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Updated 9:00 AM September 14, 2009
 

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GM-UM exhibit aims to inspire future auto engineers

Engineers from General Motors and the university have joined forces to reinvent the automobile, and the Detroit automaker also hopes to enlist future U-M graduates in the ambitious effort, a top GM official said during a recent visit to the Ann Arbor campus.

Inspiring U-M students to pursue careers in automotive engineering is one of the goals behind a GM/U-M new-technology exhibit that opened Sept. 9 at the Duderstadt Gallery on the North Campus, said Thomas Stephens, vice chairman of global product development for General Motors. Stephens attended a reception on the opening day of the exhibit, which runs through Sept. 17.

"We want to get the students excited so they want to be part of it, because this is the opportunity of a lifetime," Stephens said as he stood beside the chassis of a Chevrolet Volt, the battery-powered, plug-in vehicle scheduled to go on sale next year. A leaner General Motors recently emerged from bankruptcy proceedings and will focus much of its efforts on building more energy-efficient vehicles.
Students line up to get a look at a Chevrolet Volt chassis as part of an exhibit hosted by the GM/U-M Institute of Automotive Research and Education. (Photo by Scott Soderberg, U-M Photo Services)

"We now have labor and operating costs that are very competitive, I've got a balance sheet that's been totally cleaned up, and now what we have to do is make the world's best cars and trucks," Stephens said. "What better place to work?"

The Duderstadt exhibit is sponsored by the GM/U-M Institute of Automotive Research and Education, which was formed in May. The institute, which builds on more than 50 years of collaborations between the organizations, brings together four GM-funded College of Engineering labs. Each lab focuses on a set of technologies that will be critical to next-generation vehicles: advanced batteries, engine systems, smart materials and vehicle manufacturing.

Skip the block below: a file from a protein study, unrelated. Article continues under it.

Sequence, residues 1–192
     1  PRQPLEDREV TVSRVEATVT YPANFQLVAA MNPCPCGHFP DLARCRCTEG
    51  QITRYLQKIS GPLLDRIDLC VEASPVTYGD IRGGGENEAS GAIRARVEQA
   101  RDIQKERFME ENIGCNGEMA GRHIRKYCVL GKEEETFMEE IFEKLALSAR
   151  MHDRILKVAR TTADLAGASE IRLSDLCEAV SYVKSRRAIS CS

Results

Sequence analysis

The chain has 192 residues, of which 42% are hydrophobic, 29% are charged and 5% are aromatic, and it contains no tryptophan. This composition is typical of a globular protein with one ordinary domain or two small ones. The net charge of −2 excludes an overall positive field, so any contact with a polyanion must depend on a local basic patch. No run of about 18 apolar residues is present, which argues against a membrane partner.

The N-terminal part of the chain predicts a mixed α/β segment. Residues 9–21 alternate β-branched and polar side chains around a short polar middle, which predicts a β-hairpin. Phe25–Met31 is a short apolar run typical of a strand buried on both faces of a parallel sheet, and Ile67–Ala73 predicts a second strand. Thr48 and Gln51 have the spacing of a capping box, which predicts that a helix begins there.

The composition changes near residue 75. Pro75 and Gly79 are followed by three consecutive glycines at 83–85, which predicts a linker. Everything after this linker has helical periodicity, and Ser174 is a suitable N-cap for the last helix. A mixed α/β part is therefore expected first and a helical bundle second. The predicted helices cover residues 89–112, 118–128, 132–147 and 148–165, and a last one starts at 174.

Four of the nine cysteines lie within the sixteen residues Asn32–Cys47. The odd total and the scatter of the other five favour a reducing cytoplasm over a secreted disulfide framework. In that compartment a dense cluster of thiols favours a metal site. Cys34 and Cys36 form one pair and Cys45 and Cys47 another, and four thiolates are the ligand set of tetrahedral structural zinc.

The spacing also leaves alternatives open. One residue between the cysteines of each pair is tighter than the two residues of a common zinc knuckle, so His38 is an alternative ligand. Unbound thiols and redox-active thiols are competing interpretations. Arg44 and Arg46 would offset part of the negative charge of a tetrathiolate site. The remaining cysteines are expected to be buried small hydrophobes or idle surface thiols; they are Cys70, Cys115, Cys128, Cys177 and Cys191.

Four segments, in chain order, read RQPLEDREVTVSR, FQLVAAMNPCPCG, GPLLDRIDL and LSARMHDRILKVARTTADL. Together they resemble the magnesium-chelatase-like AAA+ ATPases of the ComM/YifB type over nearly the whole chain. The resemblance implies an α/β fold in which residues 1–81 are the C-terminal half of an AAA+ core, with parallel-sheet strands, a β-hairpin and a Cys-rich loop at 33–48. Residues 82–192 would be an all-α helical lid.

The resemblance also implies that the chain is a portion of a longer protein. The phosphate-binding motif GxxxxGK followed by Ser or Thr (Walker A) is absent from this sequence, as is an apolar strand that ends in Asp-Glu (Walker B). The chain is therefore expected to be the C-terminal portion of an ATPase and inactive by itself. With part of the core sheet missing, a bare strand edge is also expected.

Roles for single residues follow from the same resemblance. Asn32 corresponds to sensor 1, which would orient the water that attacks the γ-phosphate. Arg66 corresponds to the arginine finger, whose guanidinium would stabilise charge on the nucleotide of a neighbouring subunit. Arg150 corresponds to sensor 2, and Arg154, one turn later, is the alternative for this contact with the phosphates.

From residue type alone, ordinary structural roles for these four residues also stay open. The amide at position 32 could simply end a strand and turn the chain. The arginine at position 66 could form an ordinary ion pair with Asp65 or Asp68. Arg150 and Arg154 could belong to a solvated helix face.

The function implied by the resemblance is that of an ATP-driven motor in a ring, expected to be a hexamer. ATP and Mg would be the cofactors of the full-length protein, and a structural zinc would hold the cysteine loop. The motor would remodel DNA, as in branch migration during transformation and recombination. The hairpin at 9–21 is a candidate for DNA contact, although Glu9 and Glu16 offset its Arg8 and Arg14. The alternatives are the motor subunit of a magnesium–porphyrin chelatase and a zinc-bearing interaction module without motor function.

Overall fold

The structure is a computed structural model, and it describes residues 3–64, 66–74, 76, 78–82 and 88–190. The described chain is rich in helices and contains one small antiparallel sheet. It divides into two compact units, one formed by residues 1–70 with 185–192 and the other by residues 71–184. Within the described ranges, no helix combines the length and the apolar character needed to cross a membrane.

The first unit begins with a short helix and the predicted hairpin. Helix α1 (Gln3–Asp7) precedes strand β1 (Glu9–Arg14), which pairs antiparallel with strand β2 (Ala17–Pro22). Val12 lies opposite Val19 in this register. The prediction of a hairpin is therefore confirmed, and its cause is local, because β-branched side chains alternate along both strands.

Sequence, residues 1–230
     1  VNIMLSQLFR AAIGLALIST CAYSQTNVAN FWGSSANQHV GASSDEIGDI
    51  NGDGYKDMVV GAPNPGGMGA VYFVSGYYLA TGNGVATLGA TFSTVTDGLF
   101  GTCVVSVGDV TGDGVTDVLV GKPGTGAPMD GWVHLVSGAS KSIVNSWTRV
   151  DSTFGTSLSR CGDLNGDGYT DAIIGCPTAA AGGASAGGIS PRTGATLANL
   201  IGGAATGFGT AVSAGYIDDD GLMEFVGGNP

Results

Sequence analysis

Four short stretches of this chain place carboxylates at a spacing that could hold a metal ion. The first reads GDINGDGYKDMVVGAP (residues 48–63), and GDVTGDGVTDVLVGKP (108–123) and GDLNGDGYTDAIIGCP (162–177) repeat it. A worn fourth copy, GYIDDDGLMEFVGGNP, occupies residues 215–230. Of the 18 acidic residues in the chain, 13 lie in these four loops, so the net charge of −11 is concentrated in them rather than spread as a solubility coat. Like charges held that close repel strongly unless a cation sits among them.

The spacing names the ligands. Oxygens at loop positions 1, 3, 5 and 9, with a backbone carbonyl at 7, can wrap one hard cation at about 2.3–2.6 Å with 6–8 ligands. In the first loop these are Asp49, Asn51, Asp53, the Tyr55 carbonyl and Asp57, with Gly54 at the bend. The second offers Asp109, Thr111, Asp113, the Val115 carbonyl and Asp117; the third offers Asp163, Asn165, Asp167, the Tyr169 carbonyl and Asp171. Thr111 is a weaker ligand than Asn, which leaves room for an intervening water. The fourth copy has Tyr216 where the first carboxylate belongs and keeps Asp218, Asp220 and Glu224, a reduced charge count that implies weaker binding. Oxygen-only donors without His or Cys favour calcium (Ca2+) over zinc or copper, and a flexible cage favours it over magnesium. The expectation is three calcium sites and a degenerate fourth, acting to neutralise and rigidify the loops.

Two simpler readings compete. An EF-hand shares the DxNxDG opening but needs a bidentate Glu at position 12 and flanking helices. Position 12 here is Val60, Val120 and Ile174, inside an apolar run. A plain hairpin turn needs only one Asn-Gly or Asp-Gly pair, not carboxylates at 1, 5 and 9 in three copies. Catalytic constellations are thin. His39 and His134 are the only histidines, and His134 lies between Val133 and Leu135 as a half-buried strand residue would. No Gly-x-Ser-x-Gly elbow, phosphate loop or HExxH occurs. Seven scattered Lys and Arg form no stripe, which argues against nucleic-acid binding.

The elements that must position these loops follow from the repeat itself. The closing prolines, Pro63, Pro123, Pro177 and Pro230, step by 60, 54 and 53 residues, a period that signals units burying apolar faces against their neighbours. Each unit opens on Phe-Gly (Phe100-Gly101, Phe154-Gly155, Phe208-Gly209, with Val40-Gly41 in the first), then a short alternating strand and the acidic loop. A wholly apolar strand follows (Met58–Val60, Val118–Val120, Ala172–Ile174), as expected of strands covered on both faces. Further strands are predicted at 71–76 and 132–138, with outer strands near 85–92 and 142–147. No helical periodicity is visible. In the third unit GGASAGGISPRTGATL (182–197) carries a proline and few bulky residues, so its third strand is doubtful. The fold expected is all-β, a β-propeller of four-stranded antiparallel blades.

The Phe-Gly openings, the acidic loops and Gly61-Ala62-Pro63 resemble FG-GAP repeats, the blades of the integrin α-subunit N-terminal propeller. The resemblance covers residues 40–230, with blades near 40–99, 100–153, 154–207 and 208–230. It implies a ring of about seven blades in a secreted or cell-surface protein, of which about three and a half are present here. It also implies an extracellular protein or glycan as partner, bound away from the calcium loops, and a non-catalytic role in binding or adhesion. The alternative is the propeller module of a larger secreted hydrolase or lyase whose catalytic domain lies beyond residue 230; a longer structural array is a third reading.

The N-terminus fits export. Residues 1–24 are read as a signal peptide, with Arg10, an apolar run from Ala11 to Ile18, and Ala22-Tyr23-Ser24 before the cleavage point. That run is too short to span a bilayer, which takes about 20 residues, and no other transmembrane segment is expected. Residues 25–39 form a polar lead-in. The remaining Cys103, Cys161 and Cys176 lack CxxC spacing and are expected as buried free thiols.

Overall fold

"Placing the four labs in a single institute gives the whole endeavor more coherence," said David Munson, the Robert J. Vlasic Dean of Engineering. "It helps us achieve a more integrated view of the vehicle we're trying to create for the future."

Projects underway at each of the four labs are displayed at the Duderstadt exhibit. There's a sleek, black Cadillac CTS that's part of a project to incorporate smart materials — substances that can sense changes in the environment and respond to them — into new vehicles.

"We're heading into a future filled with unknowns, and the University of Michigan is well-positioned to provide General Motors with the technical solutions and the engineering talent it will need," said Diann Brei, director of the Smart Materials and Structures Laboratory.

Against one wall of the exhibit room is a 400-pound, T-shaped Volt battery pack that contains more than 200 lithium-ion battery cells. Shawn Lee, a doctoral student at the Advanced Vehicle Manufacturing lab, said the university is helping General Motors to redesign the Volt battery pack to reduce costs while delivering improved battery performance.

"The U-M is helping to design the next-generation battery pack for the Chevrolet Volt, and it's exciting to be a part of that," Lee said.

That's the kind of feeling that exhibit organizers hope to instill in other U-M students.

"An exhibit like this can be a real motivator," said Ann Marie Sastry, co-director of the GM/U-M Advanced Battery Coalition for Drivetrains. "What I want students to see is that the automotive area has become reinvigorated, and that this is an opportunity to work on really interesting problems."

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